Option 2: Pre-Record Your Lectures
If you are not comfortable presenting live, another good option is to pre-record any lecture material, upload it to Google Drive and link to it in D2L. We recommend that you pre-record lectures using Zoom, as this will generate automatic closed-captions that are needed for accessibility reasons.
Basically, you’ll want to open up your Powerpoint or slides, make sure you’re recording to the cloud, and then use Zoom’s “Share Screen” tool.
- Keep videos short and lively. It is often harder to focus on a video than on a person! Check out some tips for creating lively short online videos from online educator Karen Costa.
- Test your microphone to make sure that you have good sound quality. Consider using a headset with an external microphone to capture better audio.
- Consider ADA compliance. Automatic closed-captioning is not perfect. Speak clearly and not too quickly to make the content as accurate as possible. If using a tool other than Zoom for recording your lecture, consider uploading your videos to YouTube to take advantage of their automatic (though not perfect) closed-captioning.
- Integrate interaction with the lecture material. You might consider setting up a D2L discussion board with some specific questions, using a quiz, or setting up a chat session for a text-based live discussion.
Option 3: Skip the Video
Many online courses do not have a video component at all. If you are not sure you have the right equipment and are uncomfortable with the tech setup, this might be a good option, at least for the short-term.
- Annotate your slideshow with notes and share this with students using D2L or email
- Set up a discussion for students in D2L. Use specific, structured questions, and let students know expectations for their responses.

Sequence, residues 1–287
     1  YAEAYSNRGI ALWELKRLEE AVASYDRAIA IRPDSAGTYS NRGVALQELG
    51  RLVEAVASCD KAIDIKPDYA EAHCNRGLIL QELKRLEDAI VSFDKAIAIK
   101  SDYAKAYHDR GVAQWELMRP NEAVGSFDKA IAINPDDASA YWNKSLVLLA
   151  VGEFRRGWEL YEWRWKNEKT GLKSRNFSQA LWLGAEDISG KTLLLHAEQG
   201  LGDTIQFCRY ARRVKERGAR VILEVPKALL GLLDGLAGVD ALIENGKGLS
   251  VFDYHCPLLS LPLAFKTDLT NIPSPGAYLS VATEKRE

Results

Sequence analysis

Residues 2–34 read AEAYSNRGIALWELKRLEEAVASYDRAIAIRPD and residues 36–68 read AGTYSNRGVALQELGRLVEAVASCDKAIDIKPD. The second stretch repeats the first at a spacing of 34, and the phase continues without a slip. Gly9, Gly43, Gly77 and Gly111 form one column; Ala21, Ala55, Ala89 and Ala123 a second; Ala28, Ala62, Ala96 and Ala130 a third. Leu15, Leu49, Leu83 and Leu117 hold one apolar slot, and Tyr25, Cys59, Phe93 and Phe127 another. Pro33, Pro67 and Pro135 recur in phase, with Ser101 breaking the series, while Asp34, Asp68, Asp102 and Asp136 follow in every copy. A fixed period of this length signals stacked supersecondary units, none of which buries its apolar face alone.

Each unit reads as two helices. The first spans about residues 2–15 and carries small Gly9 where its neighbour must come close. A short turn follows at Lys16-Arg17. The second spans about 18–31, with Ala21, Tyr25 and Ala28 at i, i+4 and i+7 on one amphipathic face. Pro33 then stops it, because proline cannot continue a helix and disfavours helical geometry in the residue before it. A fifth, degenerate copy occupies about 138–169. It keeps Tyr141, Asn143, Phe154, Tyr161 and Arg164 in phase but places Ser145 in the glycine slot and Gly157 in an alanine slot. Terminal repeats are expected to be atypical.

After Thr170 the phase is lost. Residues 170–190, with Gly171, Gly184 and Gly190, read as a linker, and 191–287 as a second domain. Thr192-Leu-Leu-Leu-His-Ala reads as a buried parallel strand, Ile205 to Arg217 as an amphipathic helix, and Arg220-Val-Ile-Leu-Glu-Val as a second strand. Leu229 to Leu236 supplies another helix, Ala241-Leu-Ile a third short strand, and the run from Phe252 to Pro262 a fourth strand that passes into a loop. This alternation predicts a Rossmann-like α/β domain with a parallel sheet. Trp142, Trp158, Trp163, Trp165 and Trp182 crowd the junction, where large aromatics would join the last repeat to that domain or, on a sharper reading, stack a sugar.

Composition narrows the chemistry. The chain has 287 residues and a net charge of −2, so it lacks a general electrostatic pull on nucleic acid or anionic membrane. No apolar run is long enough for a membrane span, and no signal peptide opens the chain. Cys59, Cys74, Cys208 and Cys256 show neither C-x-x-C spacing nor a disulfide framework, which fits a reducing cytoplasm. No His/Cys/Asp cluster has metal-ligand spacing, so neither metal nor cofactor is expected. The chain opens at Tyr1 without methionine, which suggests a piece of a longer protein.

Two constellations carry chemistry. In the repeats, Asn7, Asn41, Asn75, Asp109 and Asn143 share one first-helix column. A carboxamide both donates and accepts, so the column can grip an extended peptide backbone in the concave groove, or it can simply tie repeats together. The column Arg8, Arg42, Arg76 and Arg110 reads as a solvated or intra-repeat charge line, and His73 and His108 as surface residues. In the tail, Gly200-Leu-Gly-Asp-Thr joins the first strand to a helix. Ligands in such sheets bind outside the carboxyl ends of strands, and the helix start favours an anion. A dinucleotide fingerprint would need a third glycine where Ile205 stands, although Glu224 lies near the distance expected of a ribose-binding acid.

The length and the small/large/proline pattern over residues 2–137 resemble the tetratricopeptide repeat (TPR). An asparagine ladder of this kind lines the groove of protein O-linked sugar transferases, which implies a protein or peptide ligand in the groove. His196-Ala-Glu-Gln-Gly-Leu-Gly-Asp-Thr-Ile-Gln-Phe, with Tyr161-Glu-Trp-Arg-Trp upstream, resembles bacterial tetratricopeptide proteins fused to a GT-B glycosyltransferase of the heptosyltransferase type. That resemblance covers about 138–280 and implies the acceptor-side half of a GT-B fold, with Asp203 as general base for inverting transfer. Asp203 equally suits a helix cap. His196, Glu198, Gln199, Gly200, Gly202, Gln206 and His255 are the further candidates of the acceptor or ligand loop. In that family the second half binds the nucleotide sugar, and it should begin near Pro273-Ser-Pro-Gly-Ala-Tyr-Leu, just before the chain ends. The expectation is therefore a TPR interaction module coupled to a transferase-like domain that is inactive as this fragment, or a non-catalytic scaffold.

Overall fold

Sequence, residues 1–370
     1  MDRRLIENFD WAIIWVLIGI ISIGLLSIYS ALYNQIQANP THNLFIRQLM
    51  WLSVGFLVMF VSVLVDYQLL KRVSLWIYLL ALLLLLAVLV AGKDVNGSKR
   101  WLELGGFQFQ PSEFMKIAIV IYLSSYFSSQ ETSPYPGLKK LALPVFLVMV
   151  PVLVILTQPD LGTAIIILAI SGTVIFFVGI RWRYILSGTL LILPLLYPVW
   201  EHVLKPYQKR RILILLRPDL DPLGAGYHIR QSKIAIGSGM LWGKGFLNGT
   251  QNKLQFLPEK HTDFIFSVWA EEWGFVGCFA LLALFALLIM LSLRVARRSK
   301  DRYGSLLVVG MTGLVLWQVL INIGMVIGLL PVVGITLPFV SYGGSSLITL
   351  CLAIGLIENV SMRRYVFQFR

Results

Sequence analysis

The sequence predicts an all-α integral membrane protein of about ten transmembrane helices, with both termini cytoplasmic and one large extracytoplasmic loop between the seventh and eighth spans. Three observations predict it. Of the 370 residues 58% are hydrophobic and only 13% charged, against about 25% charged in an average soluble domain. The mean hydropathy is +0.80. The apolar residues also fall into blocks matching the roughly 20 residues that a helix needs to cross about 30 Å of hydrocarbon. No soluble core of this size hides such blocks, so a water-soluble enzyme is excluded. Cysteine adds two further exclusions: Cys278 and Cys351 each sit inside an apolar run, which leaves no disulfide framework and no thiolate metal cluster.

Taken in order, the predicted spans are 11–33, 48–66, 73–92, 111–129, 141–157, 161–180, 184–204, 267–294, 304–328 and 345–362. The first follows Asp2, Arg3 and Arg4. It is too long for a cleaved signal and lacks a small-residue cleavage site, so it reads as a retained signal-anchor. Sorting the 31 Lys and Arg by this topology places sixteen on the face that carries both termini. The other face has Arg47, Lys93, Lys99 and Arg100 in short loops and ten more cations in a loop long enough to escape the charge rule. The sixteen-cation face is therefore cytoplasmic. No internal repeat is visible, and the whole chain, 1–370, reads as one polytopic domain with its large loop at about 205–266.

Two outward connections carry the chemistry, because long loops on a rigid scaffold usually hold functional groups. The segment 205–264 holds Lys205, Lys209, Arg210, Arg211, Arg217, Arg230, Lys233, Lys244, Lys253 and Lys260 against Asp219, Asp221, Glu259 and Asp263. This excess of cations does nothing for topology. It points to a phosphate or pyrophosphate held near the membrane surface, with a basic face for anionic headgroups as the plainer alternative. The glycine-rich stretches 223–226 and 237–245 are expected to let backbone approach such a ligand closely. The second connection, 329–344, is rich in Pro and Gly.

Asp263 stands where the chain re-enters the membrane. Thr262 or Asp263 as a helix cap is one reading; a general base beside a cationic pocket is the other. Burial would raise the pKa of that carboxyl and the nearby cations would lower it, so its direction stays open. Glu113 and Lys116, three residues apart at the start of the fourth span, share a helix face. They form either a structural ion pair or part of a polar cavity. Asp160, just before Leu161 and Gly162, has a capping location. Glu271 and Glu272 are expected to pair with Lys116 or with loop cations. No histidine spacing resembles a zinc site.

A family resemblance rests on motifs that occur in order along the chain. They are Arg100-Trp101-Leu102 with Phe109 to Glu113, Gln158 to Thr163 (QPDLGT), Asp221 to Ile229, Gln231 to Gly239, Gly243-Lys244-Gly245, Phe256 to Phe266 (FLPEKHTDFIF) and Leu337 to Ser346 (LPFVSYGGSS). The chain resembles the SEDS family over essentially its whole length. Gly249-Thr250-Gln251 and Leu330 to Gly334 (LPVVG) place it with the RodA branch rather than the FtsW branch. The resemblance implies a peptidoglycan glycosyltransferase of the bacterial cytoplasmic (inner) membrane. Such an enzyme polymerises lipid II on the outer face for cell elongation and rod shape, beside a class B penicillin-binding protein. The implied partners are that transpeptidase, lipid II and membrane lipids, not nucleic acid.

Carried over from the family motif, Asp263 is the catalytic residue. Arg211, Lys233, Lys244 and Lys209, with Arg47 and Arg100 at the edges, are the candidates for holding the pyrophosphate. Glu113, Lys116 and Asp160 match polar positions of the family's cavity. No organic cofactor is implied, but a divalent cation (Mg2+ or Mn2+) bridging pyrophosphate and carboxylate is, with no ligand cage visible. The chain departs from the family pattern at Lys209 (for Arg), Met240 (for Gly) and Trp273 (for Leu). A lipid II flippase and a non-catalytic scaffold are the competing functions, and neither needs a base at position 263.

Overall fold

- Share links to outside resources. Encourage students to watch videos, read articles, etc.
Set up virtual office hours to meet with students using your webcam, share your computer screen or collaborate using Zoom’s whiteboard feature. If you are more comfortable, you can also give students your phone number to call, or you can set up an online chat.
- Post the link to the Zoom meeting you’re using for your students in a central place on your course D2L site. The main factor to consider when holding office hours or conferences with students via Zoom is your accessibility as an instructor. Make sure they know how to find your “office” (just as you might offer them directions to your office on-campus).
- Encourage students to share their screen with you. Screen sharing is possible not just for the instructor in Zoom, but for students too. Help your students navigate towards a screen sharing option so that they can show you their written work on their screen.
Other Use Cases
If students are sharing their presentations asynchronously:
- Ask students to record themselves at their screen, using a web camera, the built-in microphone on their computer, and screen sharing software combined to capture both their faces/persons as well as the slides on the screen.
- If students do not have access to a laptop computer or webcam, they can also use the voice memo feature on a phone to record audio, save audio files, and upload the audio files to Google Drive. Invite students to share their audio/video files separately if necessary.
If students are sharing their presentations synchronously:
Resources to Learn More
General Tips for Teaching Online:
Tips and Tricks for Teaching in the Online Classroom: Jim Harrison and J. Diane Martonis, Faculty Focus
Selecting the Appropriate Communication Tools for Your Online Course: Rob Kelly, Faculty Focus
8 Lessons Learned from Teaching Online: EDUCAUSE Research Library
How To Be a Better Online Teacher: Flower Darby, Chronicle of Higher Education
Resources for Online Writing Instruction:
Annotated Bibliography of Online Writing Instruction research (compiled by Heidi Harris, 2019)
Foundational Practices of Online Writing Instruction (book); edited by Beth Hewett and Kevin DePew, 2015. Here are a few chapter highlights:
Grounding Principles of OWI: Beth Hewett
Asynchronous and Synchronous Modalities: Connie Mick and Geoffrey Middlebrook
Faculty Preparation for OWI: Lee-Ann Kastman Breuch
Preparing Students for OWI: Lisa Meloncon and Heidi Harris
Personal, Accessible, Responsive, Strategic: Resources and Strategies for Online Writing Instructors (book): Jessie Borgman and Casey McArdle, 2019